STARE OF THE MUSE

Art does not exist for the mere purpose of decorating shelf-tops and wall-fronts of palaces, neither does it exist for sitting ideally behind glass cases, hunting for the highest bidders. Coloured canvases have stories to tell that escape the yellow pages of historian’s journals—social histories, personal anecdotes, political upheavals—that could have been lost otherwise.

A painting might sit there, right above your head, without ever being looked at, unless it has something about it that has the power to trouble you and throw you out of your chair into a trail of questions leading up to those stories that escape the yellow pages of a historian’s journal. Even if you can’t dig up any social histories and personal anecdotes, it might just become your muse!

In that respect, Johannes Vermeer’s Girl with a Pearl Earring must have thrown a lot of people out of their chairs. For there is no end to the questions she raises, and there are no answers are to be found.

The Girl is recognizably European. She has a loose garment over her bust. As per today’s fashion, it might qualify as a camel-jacket thrown over a white pull-over, but people have trouble guessing what it might signify for a 17th-century Dutch costume. The turban she wears is often identified as oriental, and is certainly odd for a European face. The earring itself is abnormally large and too finely polished for a pearl. Who is she? What is she wearing? Is that really a pearl earring? Is she wearing only one? Is it even her own?

Vermeer probably wasn’t convinced that these questions were troubling enough to throw you out of your chair, so he didn’t stop there. The girl looks back with her head turned as if having suddenly remembered something she had to do but did not do. Her lips are parted as if she was going to say something, but decided otherwise. The strong, expectant, unexplained gaze is hard to resist. What is it that had slipped her mind? What is it she wanted to say? Why does she gaze so?

Another question that must come to your mind is whether Vermeer intended to throw you out of your chair with this painting…for there isn’t just one reason why an artist might create something. Wondering about the artist’s intention is inevitable once you become aware of the effect it actually has on you. And it was one such trail of thought that left me wondering what effect the Girl had on me.

What she is wearing is far from familiar—more so for the times that I live in than any other. Her attire is very unrecognizable, and so is she. I say this for the only tag of recognition I can give her is that of a stranger; the attire that she has been portrayed with would make me believe that it was so for the artist, as it is for me.

Yet, there is something about her face that does not let her be a stranger—it haunts! The soft strokes of her face make it hazy, as if it were slowly fading away. At the same time, it is highlighted by the colour and shadow scheme which focuses the visitor’s gaze on it, making it all the more captivating. It all leads me to believe that she must have been either a stranger, someone refusing to be effaced from memory even when there remains no reason to remember them. Or a loved one, long gone and kept alive in memory, whom the passing days do efface much against our will. For she exists in this rather extraordinary amalgam of the strange and the familiar, the forgotten and the oft- evoked. I believe she personifies memory. Retained and renewed as memories are—through souvenirs — it is important that she is The Girl with the Pearl Earring, something which becomes indispensible to her very being.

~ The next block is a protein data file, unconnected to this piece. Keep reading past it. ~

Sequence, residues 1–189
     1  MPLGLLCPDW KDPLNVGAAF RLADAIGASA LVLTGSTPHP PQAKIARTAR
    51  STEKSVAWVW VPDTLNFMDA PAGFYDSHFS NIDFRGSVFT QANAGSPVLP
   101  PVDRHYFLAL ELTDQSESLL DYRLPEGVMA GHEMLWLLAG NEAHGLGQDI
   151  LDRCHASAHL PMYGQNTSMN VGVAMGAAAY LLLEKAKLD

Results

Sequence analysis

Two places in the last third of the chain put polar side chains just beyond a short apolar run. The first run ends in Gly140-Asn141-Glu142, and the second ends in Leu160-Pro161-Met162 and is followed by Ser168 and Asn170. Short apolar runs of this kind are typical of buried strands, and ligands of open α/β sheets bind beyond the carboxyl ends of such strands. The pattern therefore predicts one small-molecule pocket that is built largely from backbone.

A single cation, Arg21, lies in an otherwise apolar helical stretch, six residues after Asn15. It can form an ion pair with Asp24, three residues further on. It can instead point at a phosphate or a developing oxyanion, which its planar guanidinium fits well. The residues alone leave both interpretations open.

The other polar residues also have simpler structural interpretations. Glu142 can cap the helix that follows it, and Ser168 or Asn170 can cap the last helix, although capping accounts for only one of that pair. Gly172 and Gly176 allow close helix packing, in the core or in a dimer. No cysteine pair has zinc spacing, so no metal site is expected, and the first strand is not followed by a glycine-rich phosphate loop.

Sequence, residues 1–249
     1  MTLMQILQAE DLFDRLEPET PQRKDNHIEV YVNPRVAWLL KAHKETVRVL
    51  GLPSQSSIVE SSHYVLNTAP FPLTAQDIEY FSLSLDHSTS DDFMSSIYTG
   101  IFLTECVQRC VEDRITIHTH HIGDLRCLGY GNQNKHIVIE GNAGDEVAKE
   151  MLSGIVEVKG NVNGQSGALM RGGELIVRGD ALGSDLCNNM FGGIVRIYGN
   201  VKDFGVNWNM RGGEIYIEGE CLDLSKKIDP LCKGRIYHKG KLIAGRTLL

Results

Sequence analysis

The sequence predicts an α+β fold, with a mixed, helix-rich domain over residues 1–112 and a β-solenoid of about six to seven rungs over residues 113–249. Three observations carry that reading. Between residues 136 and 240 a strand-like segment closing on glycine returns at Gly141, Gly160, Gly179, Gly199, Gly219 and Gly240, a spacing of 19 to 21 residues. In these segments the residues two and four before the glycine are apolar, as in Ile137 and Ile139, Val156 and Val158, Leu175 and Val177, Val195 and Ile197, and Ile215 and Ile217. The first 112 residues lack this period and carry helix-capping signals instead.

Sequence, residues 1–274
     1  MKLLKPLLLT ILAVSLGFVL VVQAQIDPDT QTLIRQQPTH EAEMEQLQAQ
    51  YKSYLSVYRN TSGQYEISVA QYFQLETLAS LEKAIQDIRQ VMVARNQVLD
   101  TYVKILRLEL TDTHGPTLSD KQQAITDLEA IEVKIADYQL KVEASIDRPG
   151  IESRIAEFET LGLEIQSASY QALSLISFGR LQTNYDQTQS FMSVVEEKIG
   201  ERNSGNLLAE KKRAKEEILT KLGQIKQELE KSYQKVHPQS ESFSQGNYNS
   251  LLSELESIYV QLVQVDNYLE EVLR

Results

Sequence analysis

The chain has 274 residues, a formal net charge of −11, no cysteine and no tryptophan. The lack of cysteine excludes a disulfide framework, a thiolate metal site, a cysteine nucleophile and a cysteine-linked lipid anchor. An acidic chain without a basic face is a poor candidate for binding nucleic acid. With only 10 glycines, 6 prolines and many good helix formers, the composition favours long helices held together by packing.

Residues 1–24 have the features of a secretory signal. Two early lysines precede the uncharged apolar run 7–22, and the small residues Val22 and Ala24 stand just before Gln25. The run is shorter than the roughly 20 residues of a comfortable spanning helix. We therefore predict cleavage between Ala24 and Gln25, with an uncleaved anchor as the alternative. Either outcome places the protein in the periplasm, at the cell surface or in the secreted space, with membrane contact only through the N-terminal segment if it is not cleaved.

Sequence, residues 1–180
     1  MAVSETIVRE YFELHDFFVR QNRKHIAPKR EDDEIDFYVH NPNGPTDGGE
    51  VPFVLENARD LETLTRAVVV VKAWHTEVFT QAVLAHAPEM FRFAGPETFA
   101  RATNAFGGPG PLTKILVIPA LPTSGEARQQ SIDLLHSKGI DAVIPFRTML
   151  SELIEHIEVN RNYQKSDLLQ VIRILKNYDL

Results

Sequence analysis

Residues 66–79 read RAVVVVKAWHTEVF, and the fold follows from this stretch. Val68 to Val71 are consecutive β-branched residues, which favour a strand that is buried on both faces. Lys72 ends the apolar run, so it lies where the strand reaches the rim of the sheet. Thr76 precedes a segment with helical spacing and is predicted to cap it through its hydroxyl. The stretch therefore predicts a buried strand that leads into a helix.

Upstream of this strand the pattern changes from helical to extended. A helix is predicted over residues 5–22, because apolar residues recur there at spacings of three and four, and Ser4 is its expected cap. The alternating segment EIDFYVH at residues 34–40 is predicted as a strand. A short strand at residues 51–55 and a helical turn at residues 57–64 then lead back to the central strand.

Witness, memorise, record, send posterity on a quest and make it witness too—things both historians and artists do. Yet the whys behind the creation of art and whats of the artists’ intentions are always fascinating because all is never revealed, and what is revealed is never conclusive. This fascination is what throws people out of their chairs into a trail of questions that lead to discovery and creative expeditions. And as you might observe in this column throughout, this is what has thrown me out of my chair too, into a space where there are no constraints to my imagination.

It must have been such whys and whats of this painting as well, for they are innumerable and interminable, that would have led to the origin of the varied literature that surrounds it. The artist’s life history is lost to us. The painting itself remained undiscovered for more than two centuries after his death. This girl’s story is one of those which escaped the yellow pages of a historian’s journal, but the literature it went on to inspire ranges from Tracy Chevalier’s fiction, its movie adaptation, and play performances to scholarship that includes clinical studies as well as Edward Snow’s rather emotional account of his encounter with the stare. The painting, despite a lost history, did not get lost and managed to trouble us enough to bring forward a story—a story about the lack of a story.

Some stories will always get lost beneath unwritten pages of histories, simply because we don’t know them yet. But if you look around, there’s always one odd girl, one odd earring and one odd stare, looking back and asking, “Do you wonder why I exist?”

Written by Eshna Gupta

Painting by Johannes Vermeer

Image Edited by Chetanya Godara

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